Even though the producers apparently never planned to publish the Sibelius recordings in DVD, they in fact diligently prepared DVD-style videos. It seems they were not aware that symphony videos for Blu-ray (or HDVD) presentation need to be made in a radically different manner (from DVDs) that takes advantage of the capabilities of HD video cameras. They forgot that a good DVD can't be a good HDVD, and a good HDVD can't be a good DVD. Because the videos were not correctly made, they suffer from what we call DVDitis.

For a thorough explanation of all this, see our special article Standards for Grading Symphony Orchestra Concerts of Symphonies, Concertos, and other Large-scale Compositions. After working your way through that article and some of the many reviews on this site discussing DVDitis, you will understand the following mantra:

A good HDVD should have a slow pace with more than 10 seconds per video clip on average (longer the better). 20 to 40% (higher is better) of the clips should be large-scale "supershots." Conductor shots should be less than 20% (way less really) of the clips in the video.

And how do you know whether a particular video is an HDVD by virtue of a slow pace, a large number of supershots, and small number of condutor shots? Well, you grab a Wonk Worksheet, step your way through each clip in the recording, fill out the worksheet, and run the numbers. Then you can tell if your Blu-ray symphony recording is dead on arrival from DVDitis or is a modern and up-to-date HDVD. Click here to see a worksheet of Sibelius Symphony No. 3 played by the Berliner Philharmoniker and recorded by Michael Beyer.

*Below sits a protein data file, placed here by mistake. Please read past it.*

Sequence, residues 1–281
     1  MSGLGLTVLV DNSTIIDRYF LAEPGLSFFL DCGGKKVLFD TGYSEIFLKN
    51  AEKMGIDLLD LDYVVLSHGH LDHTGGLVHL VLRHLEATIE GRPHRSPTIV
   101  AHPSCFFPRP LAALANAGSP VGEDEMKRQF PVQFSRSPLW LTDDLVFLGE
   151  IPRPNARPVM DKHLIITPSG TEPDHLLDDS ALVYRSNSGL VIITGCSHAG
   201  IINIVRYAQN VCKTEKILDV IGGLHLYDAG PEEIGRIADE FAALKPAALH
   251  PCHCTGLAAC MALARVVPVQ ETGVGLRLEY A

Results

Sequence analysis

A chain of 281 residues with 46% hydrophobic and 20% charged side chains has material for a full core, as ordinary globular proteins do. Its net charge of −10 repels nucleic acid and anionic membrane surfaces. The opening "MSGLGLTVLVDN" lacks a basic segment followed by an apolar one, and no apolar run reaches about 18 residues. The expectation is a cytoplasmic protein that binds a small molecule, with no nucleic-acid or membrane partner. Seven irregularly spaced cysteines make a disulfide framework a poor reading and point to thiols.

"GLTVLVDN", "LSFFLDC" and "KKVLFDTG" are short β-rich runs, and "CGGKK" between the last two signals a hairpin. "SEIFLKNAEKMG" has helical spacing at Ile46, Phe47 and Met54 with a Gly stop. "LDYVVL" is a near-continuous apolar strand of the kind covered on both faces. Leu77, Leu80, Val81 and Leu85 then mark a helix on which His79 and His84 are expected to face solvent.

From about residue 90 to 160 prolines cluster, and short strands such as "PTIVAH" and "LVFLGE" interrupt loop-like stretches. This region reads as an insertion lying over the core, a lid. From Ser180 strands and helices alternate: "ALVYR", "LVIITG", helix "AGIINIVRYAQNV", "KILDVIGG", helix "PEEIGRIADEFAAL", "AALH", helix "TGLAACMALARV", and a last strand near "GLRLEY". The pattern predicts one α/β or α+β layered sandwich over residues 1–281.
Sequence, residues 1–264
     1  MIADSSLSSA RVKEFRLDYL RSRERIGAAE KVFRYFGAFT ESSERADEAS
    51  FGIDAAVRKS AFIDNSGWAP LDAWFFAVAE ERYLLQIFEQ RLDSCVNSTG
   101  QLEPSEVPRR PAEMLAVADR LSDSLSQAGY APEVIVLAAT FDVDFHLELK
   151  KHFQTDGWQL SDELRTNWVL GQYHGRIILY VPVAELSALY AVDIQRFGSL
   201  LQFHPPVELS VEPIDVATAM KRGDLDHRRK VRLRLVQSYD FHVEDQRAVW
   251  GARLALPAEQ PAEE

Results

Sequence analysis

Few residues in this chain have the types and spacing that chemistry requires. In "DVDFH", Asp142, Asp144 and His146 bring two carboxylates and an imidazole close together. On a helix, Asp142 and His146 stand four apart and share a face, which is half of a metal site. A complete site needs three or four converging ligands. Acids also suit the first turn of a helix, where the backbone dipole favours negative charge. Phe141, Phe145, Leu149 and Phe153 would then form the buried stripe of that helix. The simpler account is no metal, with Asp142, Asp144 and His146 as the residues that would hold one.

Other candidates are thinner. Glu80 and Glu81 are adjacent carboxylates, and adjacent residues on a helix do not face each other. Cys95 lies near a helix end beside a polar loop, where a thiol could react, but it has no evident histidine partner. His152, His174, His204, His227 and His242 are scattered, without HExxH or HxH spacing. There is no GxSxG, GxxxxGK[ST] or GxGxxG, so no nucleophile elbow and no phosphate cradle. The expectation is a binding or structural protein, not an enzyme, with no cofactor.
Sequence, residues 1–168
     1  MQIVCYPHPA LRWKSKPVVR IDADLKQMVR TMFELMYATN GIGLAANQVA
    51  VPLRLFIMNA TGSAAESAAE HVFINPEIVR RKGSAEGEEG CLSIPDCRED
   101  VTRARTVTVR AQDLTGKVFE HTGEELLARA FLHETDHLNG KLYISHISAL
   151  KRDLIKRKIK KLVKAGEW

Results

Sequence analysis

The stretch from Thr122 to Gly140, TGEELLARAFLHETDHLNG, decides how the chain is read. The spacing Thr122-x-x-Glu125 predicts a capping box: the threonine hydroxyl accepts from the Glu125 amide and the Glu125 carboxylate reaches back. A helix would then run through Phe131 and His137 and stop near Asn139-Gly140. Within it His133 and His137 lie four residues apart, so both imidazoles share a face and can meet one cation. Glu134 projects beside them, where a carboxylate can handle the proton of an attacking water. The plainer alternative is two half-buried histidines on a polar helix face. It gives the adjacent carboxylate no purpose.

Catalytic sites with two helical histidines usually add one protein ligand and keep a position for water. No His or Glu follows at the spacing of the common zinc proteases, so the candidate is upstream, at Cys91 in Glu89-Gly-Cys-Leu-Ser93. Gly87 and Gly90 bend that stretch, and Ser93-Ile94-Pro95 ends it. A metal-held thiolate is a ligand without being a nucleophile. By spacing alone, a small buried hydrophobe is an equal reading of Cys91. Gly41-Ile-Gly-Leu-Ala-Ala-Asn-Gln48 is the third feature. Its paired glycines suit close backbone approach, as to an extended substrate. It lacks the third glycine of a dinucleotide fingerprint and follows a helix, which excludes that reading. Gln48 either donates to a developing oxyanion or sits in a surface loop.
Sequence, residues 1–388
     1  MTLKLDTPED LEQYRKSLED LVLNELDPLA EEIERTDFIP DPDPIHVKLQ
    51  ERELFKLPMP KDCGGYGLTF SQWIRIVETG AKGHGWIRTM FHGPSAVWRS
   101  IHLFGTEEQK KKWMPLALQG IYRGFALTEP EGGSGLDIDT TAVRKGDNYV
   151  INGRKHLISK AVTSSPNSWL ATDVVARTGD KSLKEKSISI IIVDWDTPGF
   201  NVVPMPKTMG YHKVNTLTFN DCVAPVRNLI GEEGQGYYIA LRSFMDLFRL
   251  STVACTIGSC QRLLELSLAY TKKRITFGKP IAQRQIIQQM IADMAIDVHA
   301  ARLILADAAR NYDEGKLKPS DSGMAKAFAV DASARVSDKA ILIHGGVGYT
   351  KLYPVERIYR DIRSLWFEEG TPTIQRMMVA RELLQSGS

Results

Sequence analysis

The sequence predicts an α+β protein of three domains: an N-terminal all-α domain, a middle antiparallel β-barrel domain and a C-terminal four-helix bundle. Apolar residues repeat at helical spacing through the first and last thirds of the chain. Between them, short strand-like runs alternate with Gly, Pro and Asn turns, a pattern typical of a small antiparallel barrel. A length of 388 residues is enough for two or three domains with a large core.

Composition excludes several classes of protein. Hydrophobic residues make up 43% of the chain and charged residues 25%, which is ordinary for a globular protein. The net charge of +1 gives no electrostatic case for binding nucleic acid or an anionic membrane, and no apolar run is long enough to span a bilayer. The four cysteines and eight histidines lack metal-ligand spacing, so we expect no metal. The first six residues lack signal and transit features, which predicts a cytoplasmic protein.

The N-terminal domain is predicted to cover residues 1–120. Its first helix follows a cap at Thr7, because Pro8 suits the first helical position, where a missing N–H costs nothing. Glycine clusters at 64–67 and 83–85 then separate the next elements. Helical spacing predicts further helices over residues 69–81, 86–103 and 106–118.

I ran the numbers on 6 of the 7 symphonies in the Sibelius box. I graded each symphony. In accordance with HDVDarts.com protocol for grading Blu-ray concert performances, I started with an A+ grade. A partial grade deduction is applied for non-96/24 audio, bringing us to an A. Video throughout the set has good clarity (16:9, 1080/60i) and reasonably few errors (i.e. out-of-focus), so no further deduction is necessary for PQ. I then deducted a letter grade for each of the 3 tests in our mantra that a title flunks.

Following these rules, I prepared statistics for two titles from each of the three video directors, and here are the results:

Symphony   

1

2

3

4

5

7

Pace (s/clip)

7.4 s

7.2 s

6.6 s

7.8 s

7.1 s

6.9 s

Supershots

23 %

25 %

11 %

6.6 %

21 %

32 %

Conductor Shots

28 %

25 %

23 %

22 %

21 %

19 %

Grade

C

C

D

D

C

B

Comments

Panning and zooming with some focus issues

Many IO (11/18) and poorly framed shots

Only 1 IO shot between both symphonies

Director(s)

Finkernagel and Lück

Beyer

Gummlich

Let's see in more detail how I graded Symphony No. 3. The pace of 6.6 seconds per clip is almost twice as fast as the minimum pace for an HDVD. So S3 flunks the pace test---it's way too fast-paced for comfortable viewing in a modern HT. Supershots are only 11%. The vast majority of the video is geared for DVD consumption, and only 11% of the video takes advantage of the HD cameras. So S3 flunks the supershot test. Almost a quarter of the clips in the video just show Rattle, which is a hallmark of the DVD. So this S3 flunks the conductor test also. Since this video is a three-time loser, it drops 3 grades: from A to D. Finally, I blended all the grades for the 7 symphonies into a C grade for the entire box.